We are also going to ask you the tough questions when necessary, where your friend may not. We do this because we know that at times you need to face something that may be difficult, and in order to do that, we have to ask questions that may feel probing or uncomfortable. We are here to help you to work through these difficult questions and move forward on your path to living a better life.

3) Therapists are bound by confidentiality.

Confidentiality is at the core of a therapeutic relationship. We are bound by confidentiality regulations set forth by our respective colleges (e.g. the College of Registered Psychotherapists of Ontario), and uphold these standards each and every day. We know how important trust is, and you can rest assured knowing that when you’re talking to a therapist, what is said will stay between the counselling office walls.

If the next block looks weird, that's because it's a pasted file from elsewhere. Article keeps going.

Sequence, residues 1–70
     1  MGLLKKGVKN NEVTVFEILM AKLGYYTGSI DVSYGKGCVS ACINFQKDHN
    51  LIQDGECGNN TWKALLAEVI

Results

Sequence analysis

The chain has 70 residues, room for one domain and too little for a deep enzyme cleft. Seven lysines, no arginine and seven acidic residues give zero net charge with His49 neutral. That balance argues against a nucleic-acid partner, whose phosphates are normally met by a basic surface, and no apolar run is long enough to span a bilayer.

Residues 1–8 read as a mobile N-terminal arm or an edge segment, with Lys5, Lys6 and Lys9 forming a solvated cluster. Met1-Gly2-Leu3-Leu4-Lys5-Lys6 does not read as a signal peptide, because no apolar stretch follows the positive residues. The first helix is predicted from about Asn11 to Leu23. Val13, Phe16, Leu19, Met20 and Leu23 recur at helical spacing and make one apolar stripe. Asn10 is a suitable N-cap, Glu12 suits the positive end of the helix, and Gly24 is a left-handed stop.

These are only a few examples of the differences between talking to a therapist and a friend. All in all, both are helpful to talk to! Talking to friends and therapists can be a great way to feel heard, hear a different perspective, and create a deeper connection with yourself and others.

Kayleen Edwards

Registered Psychotherapist



CLICK HERE to take a short survey to give feedback on the services in your community!

As many of you may know, the month of June is pride month. It’s a month where we take time to celebrate the LGBTQ2S+ community all across Canada and the world. There are parades, events, concerts, shows, and gatherings.

Pride month is about more than just pride, however, for the majority of people. It’s about increasing awareness, educating the public, and reminding the world that the LGBTQ2S+ community is out there. It’s also often about activism and moving towards equal rights for the community, as there are still many ways in which the community is discriminated against.